Think Arsenal, Think Israel, but don't think Cyprus or any other national symbol

 by Martin Belam, 12 February 2007

Late last year there was a controversy at the Emirates Stadium in London where Arsenal play their home games. Mete Ahmed was flying a flag of the internationally unrecognised Turish Republic of Northern Cyprus. This upset a lot of people, as Greek Cypriots find the flag offensive as a symbol of the division of the island, and there was a campaign to stop it being flown.


At first Arsenal reasonably said that the politics of the situation were nothing to do with them, that they valued support from both sides of the last divided island in Europe, and that since it was not technically illegal to fly the flag they would take no action.

Personally I believe that was the right thing to do. I understand that the division of the island is an emotional topic for people on both sides of the island, and also in Greece and in Turkey. Having lived in Greece and visited Cyprus several times I've also met and spoken to people affected by the conflict.

In the face of mounting criticism from Greek Cypriots though, Arsenal changed their policy, and asked that supporters (incluing away fans) no longer brought flags symbolising any nation into the ground. Not only did it stop Mete Ahmed bringing his TRNC flag into the ground, it also stopped anyone in the UK bringing in an English, Scottish, Welsh or British flag.

So having taken such a strong stand against flags because of the potential offence caused by the display of a national symbol, I was astonished on Sunday to see that Arsenal had decided to accept video advertising from one side of one of the most disputed territories in the world.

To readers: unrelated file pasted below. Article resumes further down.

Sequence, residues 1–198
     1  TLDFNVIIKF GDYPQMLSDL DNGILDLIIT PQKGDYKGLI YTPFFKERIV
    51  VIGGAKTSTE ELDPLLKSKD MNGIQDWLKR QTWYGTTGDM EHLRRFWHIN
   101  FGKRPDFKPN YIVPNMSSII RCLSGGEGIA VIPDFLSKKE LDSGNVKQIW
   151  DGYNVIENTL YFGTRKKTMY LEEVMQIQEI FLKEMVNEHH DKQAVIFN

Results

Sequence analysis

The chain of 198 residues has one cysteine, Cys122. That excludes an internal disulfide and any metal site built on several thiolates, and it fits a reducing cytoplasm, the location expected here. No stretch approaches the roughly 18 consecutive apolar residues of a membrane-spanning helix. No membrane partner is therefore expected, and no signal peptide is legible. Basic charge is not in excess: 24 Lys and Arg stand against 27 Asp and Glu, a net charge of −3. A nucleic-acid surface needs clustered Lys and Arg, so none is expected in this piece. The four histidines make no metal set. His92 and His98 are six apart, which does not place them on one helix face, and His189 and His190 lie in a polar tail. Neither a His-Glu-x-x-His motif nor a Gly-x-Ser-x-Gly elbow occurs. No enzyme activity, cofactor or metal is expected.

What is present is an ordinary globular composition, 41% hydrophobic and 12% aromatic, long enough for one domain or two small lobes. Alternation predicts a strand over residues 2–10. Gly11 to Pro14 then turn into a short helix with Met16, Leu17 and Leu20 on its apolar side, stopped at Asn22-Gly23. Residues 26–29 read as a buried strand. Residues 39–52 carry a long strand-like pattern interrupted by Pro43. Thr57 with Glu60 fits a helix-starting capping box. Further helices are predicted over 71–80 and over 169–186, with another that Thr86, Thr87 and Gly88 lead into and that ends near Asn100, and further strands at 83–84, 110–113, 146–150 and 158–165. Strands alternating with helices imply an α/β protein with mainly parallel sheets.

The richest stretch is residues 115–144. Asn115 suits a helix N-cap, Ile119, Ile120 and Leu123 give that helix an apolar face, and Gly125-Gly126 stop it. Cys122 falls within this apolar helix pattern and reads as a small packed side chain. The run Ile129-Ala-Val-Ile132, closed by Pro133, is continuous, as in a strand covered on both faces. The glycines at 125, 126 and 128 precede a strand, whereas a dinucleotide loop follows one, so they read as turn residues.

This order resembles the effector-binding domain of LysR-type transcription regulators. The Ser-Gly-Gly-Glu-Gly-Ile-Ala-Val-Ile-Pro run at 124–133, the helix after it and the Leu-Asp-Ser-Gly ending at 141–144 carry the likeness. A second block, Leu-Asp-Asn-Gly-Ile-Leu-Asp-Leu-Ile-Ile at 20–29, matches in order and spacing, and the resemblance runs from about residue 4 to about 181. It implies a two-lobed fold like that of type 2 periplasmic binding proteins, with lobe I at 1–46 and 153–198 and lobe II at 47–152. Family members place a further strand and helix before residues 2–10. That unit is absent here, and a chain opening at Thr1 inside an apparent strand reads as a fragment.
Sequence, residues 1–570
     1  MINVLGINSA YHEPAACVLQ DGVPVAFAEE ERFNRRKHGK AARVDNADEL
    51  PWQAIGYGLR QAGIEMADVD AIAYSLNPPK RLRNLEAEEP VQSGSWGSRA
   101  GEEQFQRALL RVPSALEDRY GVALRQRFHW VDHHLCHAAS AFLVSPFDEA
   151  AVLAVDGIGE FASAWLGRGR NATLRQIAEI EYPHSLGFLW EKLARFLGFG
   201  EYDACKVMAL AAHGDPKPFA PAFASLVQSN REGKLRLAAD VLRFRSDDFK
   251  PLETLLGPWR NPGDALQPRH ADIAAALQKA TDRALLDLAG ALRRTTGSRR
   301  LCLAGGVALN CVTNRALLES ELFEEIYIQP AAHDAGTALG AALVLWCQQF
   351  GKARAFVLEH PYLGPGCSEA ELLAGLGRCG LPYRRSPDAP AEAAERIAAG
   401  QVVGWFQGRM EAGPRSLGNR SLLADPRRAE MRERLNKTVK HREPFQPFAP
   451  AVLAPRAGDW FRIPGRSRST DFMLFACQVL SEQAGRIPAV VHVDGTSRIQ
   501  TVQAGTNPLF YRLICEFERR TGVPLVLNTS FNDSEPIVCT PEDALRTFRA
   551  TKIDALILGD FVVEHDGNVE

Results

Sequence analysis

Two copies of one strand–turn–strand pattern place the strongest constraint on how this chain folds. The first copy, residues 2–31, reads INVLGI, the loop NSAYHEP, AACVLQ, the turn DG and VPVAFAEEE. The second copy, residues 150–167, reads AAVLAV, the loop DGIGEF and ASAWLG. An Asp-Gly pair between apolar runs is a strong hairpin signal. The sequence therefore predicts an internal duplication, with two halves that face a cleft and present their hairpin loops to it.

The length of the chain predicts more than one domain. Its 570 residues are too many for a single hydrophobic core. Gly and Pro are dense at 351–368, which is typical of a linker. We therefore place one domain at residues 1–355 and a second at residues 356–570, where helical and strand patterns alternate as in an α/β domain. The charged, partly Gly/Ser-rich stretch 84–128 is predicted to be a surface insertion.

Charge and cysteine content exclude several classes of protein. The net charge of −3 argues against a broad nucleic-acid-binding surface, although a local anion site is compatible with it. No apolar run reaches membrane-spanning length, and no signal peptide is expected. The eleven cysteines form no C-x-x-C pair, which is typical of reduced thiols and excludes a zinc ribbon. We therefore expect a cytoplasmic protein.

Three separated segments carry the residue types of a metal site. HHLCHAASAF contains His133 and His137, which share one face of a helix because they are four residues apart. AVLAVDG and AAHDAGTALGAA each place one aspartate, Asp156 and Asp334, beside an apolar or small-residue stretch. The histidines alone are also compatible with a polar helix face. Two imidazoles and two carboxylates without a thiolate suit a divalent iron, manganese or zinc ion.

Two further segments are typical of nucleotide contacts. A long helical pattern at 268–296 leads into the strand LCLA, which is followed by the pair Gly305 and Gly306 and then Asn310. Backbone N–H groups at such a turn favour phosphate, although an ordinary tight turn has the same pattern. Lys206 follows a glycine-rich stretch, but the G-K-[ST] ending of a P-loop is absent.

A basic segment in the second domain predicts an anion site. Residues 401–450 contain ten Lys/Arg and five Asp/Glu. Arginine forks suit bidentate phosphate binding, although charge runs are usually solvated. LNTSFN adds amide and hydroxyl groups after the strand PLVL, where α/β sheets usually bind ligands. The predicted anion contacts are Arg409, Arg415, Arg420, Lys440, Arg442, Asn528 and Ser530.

In Arsenal's Emirates Stadium you can't fly a flag from the Turkish Republic of Northern Cyprus or the EU member state Republic of Cyprus. You can't fly a flag from Spain or France or the Basque Country. You can't fly a flag from Northern Ireland or the Republic of Ireland. And you can't fly an Israeli or Palestinian flag. But you can advertise "Jerusalem - Think" on your electronic billboards throughout a Premiership match.


Perhaps Arsenal could consider extending their policy that national symbols in disputed territories might cause offence from just affecting their paying fans to include their advertising sales department as well?


The trouble is, every time I think Eilat, as suggested by the billboards, I'm reminded of suicide bombers. Is that what they want?

no matter how hard they try to win our hearts and minds, israel remains the apartheid regime it is!

A country who does not respect human rights and collobrates with America for the distruction of the middle east has no place in football or sport and by allowing their presence it is an insult to humanity and freedom.

ignorant fools

But of course you have no problem with the fact that Arsenal is sponsored by the national airline of a country which funds hate and anti-semitic think tanks and builds its cities on the backs of slave labor. Don't be hypocritical. And while you're at it, get educated: Israel is not a disputed territory (except by anti-semites).

Steve, I think you have willfully misrepresented my point to make yours. I think it is fine for any legitimate business to advertise and take out sponsorship at Arsenal, whether it is based in the UAE or is the Israeli tourist board, provided Arsenal extend the same courtesy to their fans over flying *their* national symbols.

Regarding your inference that to even mention that there is an ongoing dispute over Israel makes me an anti-semite, well, I would rather have refuted that slur on my character privately and personally. However, you didn't have the courage to leave any contact details.

Please sign this petition against Arsenal Football Team's support to apartheid Israel.

Thank you for standing by us. Warms my heart seeing articles like these and the fact that propaganda directed against Palestinians and their aspirations aren't only visible to us Palestinians, but to the rest of the world.

Thank you!

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